Earshot Jazz — March 2014
Vol. 30, No. 03
Anton Schwartz: Toward Reward
By Steve Griggs
“A beautiful musical moment is its own reward, and won’t be obviated or disproved the next day,” wrote saxophonist Anton Schwartz in his high school alumni magazine. “Musical performance, unlike scholarship, has an immediacy that I find hugely satisfying.”
Schwartz was explaining his career transition from researcher of artificial intelligence to full-time musician. Although Schwartz had studied and performed music from an early age, he graduated magna cum laude from Harvard with a B.A. in mathematics and philosophy. He pursued doctoral research at Stanford. He was at the top of his academic game.
Then chronic fatigue syndrome struck. Schwartz caught a cold that knocked him out for a year and a half. He barely had energy to climb a flight of stairs. His life ground to a halt.
As the weeks rolled by with no improvement, he decided to get used to it. In this valley, his earlier love of music found a quiet space to bloom. He had never regretted time spent practicing, so that’s what he did. Sometimes things fell into place. Other days he “couldn’t play a decent note if it fell on me.” Slowly, gigs began to replace academics. “My family freaked out until they realized I put into music what I put into academia. In fact, I put more in and get more out.”
Schwartz was born in New York City, started on clarinet and switched to saxophone at age 14. He liked the sounds of Joe Henderson, Dexter Gordon, John Coltrane, Stanley Turrentine, and Wayne Shorter. Riding a bus down the West Side one day, he spotted a rider with a saxophone case. Curious, Schwartz struck up a conversation and learned that the saxophonist was returning from a lesson with Warne Marsh. By coincidence, Schwartz had recently picked up an album at Bleeker Bob’s Golden Oldies for $1.00 that featured saxophonists Warne Marsh and Pete Christlieb. “I couldn’t even tell the difference between them.”
Marsh, from Los Angeles, was a disciple of pianist Lenny Tristano. Despite appearing on more than 200 recordings, Marsh’s audience was small, along with his finances. Schwartz visited Marsh’s tiny studio apartment in the Bretton Hotel weekly to learn tunes on saxophone and piano. “Warne’s whole existence was pure,” he says. “He was so pensive and took his time answering questions. It was magical when Warne picked up the horn or sat at the piano.”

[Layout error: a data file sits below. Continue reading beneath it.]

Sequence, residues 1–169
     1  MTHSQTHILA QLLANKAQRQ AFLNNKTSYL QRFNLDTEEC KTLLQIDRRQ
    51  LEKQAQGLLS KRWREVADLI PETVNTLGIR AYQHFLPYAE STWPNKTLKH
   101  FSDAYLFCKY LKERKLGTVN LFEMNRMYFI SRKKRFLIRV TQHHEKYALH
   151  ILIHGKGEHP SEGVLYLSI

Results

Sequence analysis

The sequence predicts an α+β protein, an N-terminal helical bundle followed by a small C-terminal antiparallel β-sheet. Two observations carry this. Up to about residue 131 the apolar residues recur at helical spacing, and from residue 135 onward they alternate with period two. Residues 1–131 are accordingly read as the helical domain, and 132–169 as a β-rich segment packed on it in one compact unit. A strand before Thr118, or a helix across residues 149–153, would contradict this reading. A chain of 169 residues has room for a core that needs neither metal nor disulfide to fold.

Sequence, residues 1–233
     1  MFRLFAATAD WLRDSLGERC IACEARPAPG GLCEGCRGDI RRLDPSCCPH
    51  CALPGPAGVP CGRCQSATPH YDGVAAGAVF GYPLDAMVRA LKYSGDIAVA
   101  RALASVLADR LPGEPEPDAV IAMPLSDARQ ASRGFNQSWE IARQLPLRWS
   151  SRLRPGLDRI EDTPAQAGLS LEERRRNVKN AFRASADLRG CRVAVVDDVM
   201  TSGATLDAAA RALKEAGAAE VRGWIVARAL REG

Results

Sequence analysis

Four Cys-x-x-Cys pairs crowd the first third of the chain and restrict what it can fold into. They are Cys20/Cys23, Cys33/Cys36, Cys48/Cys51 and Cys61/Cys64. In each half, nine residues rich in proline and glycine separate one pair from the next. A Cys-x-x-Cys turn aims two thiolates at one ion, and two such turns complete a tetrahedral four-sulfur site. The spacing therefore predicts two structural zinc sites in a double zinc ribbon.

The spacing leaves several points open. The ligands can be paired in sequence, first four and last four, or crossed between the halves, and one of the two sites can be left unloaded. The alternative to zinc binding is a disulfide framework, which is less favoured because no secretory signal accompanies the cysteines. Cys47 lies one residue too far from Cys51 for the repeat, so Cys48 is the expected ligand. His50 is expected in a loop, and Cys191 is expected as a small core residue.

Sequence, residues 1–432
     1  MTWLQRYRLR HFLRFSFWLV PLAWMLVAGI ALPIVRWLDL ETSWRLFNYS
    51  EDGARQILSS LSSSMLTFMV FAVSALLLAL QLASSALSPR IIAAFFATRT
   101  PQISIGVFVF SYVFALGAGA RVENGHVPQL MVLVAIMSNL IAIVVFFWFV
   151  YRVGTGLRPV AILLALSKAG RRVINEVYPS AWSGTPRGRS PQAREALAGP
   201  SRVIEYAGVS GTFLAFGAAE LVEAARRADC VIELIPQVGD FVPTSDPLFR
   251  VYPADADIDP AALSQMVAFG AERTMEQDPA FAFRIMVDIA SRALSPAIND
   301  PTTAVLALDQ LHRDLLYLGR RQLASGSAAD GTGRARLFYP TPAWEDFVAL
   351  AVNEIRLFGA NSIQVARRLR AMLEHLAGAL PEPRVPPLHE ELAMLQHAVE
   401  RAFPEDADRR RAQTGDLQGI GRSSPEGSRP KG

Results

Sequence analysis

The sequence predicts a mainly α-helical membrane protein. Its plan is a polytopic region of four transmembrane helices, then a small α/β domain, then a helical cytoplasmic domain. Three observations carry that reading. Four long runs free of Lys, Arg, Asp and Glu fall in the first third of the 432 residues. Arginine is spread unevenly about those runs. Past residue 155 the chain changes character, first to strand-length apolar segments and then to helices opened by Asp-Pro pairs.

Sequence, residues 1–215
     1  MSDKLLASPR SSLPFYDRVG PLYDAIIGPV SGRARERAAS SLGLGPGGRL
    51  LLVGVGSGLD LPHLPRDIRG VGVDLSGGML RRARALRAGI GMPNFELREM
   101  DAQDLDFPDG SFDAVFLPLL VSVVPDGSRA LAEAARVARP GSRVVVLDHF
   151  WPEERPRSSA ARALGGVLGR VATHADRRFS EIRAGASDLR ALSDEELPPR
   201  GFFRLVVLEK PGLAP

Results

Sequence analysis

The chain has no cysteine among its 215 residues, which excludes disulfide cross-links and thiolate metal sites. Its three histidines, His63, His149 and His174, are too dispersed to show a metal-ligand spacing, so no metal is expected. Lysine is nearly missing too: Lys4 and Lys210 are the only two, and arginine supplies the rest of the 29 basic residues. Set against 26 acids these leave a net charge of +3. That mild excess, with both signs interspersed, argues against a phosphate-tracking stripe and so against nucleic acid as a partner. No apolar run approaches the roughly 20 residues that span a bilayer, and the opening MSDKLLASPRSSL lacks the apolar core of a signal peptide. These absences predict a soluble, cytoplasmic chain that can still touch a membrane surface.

When Marsh moved back to Los Angeles, Schwartz studied with Eddie Daniels. “Eddie is a New Yorker. He’s fast paced. He’s an incredible technician and always took care of business. I would show up before my lesson and could hear the student before me struggle. When I started my lesson, Eddie would say, ‘Did you hear that guy before you. Let me tell you why he’s better than you.’”
During high school, Schwartz formed a band with guitarist Peter Bernstein and keyboardist Larry Goldings who went on to music careers. In college, Schwartz took over the seat vacated by Don Braden in the Harvard Jazz Band. In Schwartz’s second year, Joshua Redman joined the saxophone section. In addition to learning from his peers, Schwartz gleaned wisdom from guest artists that director Tom Everett brought in — Benny Carter, Joe Henderson, Carla Bley, Lester Bowie, and Illinois Jacquet.
After school, after academic research, after illness, after returning to music, Schwartz began recording his compositions on his own label. When Music Calls came out in 1998, The Slow Lane in 2000, Holiday Time in 2004, Radiant Blue in 2006 and this year, Flash Mob.
For Flash Mob, Schwartz assembled Grammy Award-nominated pianist Taylor Eigsti, Juilliard-graduate trumpeter Dominick Farinacci, Bay Area drummer Lorca Hart, and longtime collaborator bassist John Shifflett. Like the title suggests, the music is imbued with spontaneity, precision, and fun. Schwartz’s thick tenor tone pairs warmly with Farinacci’s dark brass. Melodic clarity trumps technical fireworks. Wide grooves set a jubilant vibe.
Seattle audiences get to join Schwartz’s Flash Mob at Jazz Alley in Seattle on March 11 and 12 during a West Coast CD release tour.